So, if you are like me, and you find yourself reacting passionately or actually pitching a fit, give yourself some grace. Ask yourself if it is really about the object or situation before you. If it is not, try to unblock your heart so that your feelings can reach your mind and mouth. Start a journal. Share your feelings with someone who loves you and will forgive any ridiculousness just because it is not ridiculous to you. Keeping those feelings bottled up and unexamined won’t make them go away. We are all in this together. It is never about the furniture.

Copyright Catherine Matthews 2021

I need a heartbeat.

Like most people working from home, I have spent the last 13 weeks video conferencing. My vibrant, three-dimensional world has been reduced to grainy images intermittently stilted by poor bandwidth, virtual backgrounds signaling our desire for sandy beaches and mountain retreats, and a grid of flattened faces. To be clear, I am grateful for all of that. Without it, the isolation would have been unbearable for me. I am sure I would have, in turn, made it unbearable for my husband and daughter. Still, there has been something missing. Something I craved. Something more elemental than mere virtual communication. It took a puppy, a bike ride, and a march to help me see that what was missing was my heartbeat.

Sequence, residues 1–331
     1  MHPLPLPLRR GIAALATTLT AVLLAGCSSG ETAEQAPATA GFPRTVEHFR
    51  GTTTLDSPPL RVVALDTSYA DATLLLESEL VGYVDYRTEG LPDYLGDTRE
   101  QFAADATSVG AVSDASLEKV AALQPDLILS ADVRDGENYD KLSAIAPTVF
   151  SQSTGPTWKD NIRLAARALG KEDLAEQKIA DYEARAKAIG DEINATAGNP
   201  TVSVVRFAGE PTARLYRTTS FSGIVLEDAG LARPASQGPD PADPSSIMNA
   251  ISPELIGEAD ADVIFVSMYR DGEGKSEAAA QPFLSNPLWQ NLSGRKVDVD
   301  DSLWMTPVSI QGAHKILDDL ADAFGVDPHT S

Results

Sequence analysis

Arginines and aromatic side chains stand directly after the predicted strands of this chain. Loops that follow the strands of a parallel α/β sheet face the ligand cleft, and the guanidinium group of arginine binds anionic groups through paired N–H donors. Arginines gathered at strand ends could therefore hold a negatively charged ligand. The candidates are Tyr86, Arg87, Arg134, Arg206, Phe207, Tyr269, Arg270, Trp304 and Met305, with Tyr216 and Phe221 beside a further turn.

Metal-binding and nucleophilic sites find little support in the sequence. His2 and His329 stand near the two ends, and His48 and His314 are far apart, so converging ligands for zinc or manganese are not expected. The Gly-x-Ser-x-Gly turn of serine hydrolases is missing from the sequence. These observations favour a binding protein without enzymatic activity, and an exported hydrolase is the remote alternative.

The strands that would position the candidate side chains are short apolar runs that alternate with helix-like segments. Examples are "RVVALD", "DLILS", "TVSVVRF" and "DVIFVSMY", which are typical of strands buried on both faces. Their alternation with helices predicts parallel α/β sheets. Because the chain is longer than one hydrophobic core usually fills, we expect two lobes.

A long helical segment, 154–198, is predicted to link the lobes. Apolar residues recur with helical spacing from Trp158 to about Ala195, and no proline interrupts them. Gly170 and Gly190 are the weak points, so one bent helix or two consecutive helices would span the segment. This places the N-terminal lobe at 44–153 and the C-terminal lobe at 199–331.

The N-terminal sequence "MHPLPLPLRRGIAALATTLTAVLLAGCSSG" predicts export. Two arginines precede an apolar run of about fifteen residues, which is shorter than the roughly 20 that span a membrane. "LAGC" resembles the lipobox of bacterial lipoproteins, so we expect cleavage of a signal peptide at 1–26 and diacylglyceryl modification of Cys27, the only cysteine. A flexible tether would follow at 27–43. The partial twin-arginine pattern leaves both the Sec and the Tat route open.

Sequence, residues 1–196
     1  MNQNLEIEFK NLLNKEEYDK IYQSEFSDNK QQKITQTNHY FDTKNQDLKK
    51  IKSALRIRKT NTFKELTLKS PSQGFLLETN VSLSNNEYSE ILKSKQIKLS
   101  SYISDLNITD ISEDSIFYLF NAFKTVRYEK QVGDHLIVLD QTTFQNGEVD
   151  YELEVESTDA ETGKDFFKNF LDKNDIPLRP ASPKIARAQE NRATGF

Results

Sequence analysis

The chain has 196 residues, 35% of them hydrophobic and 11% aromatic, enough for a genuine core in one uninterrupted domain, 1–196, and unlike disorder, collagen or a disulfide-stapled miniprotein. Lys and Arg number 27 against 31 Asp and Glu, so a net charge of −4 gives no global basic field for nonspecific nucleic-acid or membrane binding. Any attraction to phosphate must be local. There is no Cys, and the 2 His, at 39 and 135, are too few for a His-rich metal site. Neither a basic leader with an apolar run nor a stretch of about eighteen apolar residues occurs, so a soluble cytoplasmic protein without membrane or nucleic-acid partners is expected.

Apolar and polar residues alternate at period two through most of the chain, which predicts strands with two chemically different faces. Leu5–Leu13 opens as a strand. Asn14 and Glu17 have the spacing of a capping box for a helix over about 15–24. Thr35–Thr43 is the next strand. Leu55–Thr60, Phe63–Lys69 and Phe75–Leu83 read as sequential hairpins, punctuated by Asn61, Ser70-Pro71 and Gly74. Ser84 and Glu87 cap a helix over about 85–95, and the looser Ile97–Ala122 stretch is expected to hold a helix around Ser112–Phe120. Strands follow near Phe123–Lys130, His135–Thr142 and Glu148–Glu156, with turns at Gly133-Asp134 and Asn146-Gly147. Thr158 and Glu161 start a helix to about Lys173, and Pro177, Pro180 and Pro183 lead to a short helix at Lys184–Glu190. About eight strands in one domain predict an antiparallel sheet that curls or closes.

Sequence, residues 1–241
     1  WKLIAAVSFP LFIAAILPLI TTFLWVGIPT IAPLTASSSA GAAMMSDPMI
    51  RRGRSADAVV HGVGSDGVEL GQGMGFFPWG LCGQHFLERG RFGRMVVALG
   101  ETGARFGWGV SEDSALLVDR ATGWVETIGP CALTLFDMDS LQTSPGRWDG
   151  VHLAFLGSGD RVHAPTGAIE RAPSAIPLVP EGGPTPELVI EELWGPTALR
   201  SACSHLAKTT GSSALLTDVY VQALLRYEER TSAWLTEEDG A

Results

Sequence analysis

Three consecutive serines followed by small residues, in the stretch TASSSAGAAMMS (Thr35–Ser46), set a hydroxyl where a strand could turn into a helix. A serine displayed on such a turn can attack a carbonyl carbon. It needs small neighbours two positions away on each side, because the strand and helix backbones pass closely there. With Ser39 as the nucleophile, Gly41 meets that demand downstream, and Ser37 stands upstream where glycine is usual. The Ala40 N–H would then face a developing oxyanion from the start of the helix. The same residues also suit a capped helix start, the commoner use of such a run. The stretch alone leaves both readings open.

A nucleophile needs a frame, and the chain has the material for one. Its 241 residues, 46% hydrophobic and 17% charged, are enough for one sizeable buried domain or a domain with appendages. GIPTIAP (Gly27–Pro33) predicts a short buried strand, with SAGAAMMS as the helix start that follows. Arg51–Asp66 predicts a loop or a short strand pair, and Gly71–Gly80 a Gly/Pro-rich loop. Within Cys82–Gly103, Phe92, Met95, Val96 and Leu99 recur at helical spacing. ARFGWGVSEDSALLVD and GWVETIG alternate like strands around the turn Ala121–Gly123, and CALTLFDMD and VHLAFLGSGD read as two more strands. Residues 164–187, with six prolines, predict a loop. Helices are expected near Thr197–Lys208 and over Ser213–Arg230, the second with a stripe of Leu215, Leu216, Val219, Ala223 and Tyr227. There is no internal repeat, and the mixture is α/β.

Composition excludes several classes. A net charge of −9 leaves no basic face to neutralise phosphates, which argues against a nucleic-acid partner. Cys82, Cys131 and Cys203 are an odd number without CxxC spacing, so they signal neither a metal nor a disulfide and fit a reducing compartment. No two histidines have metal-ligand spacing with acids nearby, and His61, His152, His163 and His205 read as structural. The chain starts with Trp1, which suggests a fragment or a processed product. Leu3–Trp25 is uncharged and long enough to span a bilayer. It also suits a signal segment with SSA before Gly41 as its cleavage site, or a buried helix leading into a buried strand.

Two months ago, we brought home our new puppy, Delta. She was still in that phase where she slept about 18 hours a day. True to the breed, our little Boxer is a snuggler. She wants to be cuddled up tight to a warm body. She doesn’t much care who it is, either. When she was tiny, she fit on a pillow on my lap under my desk. She slept peacefully for hours as I worked. As she grew, she started to fall asleep sitting upright. It looked uncomfortable, and my instincts told me to gently push her into the lying position. Boxers are a willful breed. Even as young as she was, I could tell Delta was all Boxer in this regard. She resisted, insisting that she fall asleep sitting up with her head on my chest. It was awkward, but the truth was I loved it. It reminded me of my daughter as a baby, who also insisted on falling asleep on my chest. I realized they were falling asleep on my heartbeat. And that is what I had been missing – being in a room full of heartbeats. I longed to be in a room with the special heartbeats in my life- my family and friends, my team and co-workers, the children and staff in our schools. I missed all of those heartbeats.